Updated with comment from former SEC Senior Counsel Thomas Gorman. NEW YORK ( TheStreet) -- This time it could be different. New York State Attorney General Eric Schneiderman's lawsuit against JPMorgan Chase ( JPM) over mortgage-backed securities sold by Bear Stearns before that company was acquired by JPMoran in March 2008 alleges fraud that led to investor losses of $22.5 billion, although the complaint filed in New York State court on Monday doesn't specify specific damages being sought. JPMorgan for years has reported about "multiple civil actions" against Bear Stearns, "certain former subsidiaries," and "certain individuals formerly employed by Bear Stearns" resulting from losses to hedge fund investors, losses to common stock investors, and losses to investors purchasing collateralized debt obligations from Bear Stearns Asset Management, including Bank of America, which as of June 30 was seeking "approximately $535 million" in damages, as of June 30, according to JPMorgan's 10-Q filing. So JPMorgan could just throw the new lawsuit onto the pile of festering Bear Stearns litigation, however, this time it is different. Schneiderman has the "bully pulpit" that goes along with his position, and the timely action as part of the Mortgage-Backed Securities Working Group of federal and state prosecutors formed by President Obama in January, fits in nicely leading into the November elections. "Wall Street as bad guy," continues to sell, for opportunistic politicians who continue to escape blame for the credit crisis. "This is a politically motivated charge ," said Keith Bliss, a senior vice president of Cuttone, Inc., speaking on the floor of the New York Stock Exchange. Bliss also called the charge "a shakedown," and pointed out that "a lot of the attorneys general around the country are now bumping up against statutes of limitations." Bliss added that it was "really odd" to see JPMorgan sued for the activities of Bear Stearns, when government officials were "on their knees begging JPMorgan to buy Bear Stearns so we wouldn't have this massive financial collapse." Well all's fair when it comes to politics, and no good turn goes unpunished. Bank of America ( BAC) faced similar pressure, when the company's executives got cold feet after agreeing in September 2008 to purchase Merrill Lynch for roughly $50 billion. With plenty of government pressure and assistance, Bank of America, of course, closed the Merrill deal.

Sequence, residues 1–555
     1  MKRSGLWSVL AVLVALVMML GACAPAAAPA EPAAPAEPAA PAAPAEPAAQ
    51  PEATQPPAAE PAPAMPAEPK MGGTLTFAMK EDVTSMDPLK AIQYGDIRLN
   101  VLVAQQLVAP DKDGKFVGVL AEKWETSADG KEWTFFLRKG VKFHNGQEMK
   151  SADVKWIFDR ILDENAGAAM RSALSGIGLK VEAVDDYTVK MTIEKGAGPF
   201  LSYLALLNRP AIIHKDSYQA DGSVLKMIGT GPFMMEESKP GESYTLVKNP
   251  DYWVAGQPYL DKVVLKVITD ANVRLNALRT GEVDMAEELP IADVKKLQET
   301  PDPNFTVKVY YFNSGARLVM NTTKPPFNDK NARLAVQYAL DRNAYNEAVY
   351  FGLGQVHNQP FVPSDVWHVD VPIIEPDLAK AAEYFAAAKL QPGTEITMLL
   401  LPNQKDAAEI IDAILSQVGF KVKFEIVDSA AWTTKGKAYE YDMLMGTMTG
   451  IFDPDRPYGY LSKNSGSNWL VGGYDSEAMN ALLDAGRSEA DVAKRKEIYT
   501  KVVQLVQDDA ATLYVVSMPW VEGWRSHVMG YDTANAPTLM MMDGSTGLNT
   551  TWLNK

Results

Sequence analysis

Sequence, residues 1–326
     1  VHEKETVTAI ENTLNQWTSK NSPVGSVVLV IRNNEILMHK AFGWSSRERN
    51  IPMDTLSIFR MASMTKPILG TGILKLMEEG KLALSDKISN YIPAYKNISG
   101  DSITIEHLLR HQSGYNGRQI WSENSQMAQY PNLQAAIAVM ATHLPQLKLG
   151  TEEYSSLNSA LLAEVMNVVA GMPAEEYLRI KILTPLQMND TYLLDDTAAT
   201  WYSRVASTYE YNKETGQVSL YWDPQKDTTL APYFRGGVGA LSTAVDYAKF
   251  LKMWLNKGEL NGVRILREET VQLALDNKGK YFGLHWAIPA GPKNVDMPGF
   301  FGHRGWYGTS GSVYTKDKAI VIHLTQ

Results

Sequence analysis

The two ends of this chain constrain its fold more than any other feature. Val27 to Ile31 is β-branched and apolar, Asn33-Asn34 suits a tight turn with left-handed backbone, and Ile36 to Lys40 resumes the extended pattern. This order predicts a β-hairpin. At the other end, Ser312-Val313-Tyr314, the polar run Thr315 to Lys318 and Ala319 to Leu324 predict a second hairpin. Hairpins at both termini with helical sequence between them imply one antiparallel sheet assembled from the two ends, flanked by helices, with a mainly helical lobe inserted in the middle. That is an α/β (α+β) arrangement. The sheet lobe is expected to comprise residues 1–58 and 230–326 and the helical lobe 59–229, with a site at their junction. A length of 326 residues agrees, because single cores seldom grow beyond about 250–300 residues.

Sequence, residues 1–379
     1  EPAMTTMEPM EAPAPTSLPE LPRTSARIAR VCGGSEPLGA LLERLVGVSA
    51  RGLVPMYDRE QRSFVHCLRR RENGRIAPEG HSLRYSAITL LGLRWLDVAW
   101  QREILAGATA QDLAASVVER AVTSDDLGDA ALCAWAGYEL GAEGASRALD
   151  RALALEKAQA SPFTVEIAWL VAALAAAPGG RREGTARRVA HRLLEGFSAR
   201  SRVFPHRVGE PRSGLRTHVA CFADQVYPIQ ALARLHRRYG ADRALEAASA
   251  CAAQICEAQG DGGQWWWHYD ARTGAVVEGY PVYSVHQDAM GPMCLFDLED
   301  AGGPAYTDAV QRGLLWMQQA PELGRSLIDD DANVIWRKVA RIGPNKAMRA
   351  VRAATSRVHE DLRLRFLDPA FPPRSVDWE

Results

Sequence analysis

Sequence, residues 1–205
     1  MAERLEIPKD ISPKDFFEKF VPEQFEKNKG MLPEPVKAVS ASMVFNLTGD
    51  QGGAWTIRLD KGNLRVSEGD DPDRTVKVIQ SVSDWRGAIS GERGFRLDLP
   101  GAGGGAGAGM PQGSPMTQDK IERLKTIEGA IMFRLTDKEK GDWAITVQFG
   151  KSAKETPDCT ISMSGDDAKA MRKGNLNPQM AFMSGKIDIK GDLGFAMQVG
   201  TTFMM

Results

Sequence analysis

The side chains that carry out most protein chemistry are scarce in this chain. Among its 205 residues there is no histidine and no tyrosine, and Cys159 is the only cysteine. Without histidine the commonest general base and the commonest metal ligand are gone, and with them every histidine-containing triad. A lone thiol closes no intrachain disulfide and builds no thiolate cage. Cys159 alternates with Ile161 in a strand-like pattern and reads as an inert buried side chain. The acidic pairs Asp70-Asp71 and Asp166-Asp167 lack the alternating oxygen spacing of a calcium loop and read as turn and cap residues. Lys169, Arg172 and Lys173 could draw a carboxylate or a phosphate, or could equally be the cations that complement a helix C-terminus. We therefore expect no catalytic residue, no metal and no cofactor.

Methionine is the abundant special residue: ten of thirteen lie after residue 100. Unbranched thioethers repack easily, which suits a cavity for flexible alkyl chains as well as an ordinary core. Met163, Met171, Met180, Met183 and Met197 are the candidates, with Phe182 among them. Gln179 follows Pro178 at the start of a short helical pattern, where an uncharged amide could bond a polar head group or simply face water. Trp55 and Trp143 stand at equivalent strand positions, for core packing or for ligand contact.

Just last week, Bank of America agreed to A $2.43 billion settlement of a class action lawsuit by investors, alleging that the company and "certain of its officers and directors" made misleading statements heading into the Merrill deal's completion in January 2009." JPMorgan Chase CEO James Dimon said in January 2009 that the company was "we are doing our part to help stabilize the financial markets and hasten recovery," as the company "assumed risk and expended resources to assimilate Bear Stearns and Washington Mutual." We now see that the risk from JPMorgan's 2008 acquisitions continues to increase, four years on. Bank of America's other major credit crisis acquisition was Washington Mutual, and BAC reported that during the second quarter alone, mortgage repurchase demands against the company rose by 41% to $22.7 billion, as of June 30. JPMorgan faces far less putback demands from mortgage-backed securities investors, but the risk is still significant, and has the potential to grow. The company reported that as of June 30, there was $149 billion remaining in mortgage loans securitized from 2005 to 2008, and $47 billion of that total was past due 60 days or more, with $16 billion of the problem loans originated by Washington Mutual. JPM said that its "recognized mortgage repurchase liability" as of June 30 was $3.3 billion, declining from $3.6 billion as of Dec. 31. While JPMorgan indicated this morning that it would fight Schneiderman's charges, it will be interesting to see what Dimon has to say when the company kicks off earnings season for the big banks on Oct. 13. Maybe after Schneiderman milks the lawsuit on television for all it's worth, the company will settle for a relatively small sum. Rochdale Securities analyst Richard Bove reacted with customary flair on Tuesday, saying that the large banks located in New York City "should consider the benefits of moving their headquarters elsewhere," since "shareholders should not be forced to pay for continuous lawsuits because these banks are in New York." Bove said that "for the past decade the state has made war on the industry," and that "what makes this suit unique is that Mr. Schneiderman is suing the bank for something it did not even do and he may be looking to gain $22 billion."
Thomas Gorman, a former Senior Counsel in the Securities & Exchange Commission's Division of Enforcement, says that "this suit is significant for two reasons. Initially, it is the first to be brought by the President's new working group. Perhaps more importantly, it is the first regulatory suit that focuses on the MBS market which was central to the market crisis and attempts to hold a major player in that market accountable for its action. This contrasts sharply with prior suits brought by the SEC which center on a transaction." Considering the likelihood of JPMorgan Chase settling the charges, Gorman says "the case was just filed, so it is difficult to assess if they might settle. The fact of the matter is most of these cases do settle." "Settling this case is complicated by the fact there are a number of class actions out there that have been pending for a while that make similar allegations, so resolving the case with the New York Attorney General could potentially impact the other cases." Interested in more on JPMorgan? See TheStreet Ratings' report card for this stock.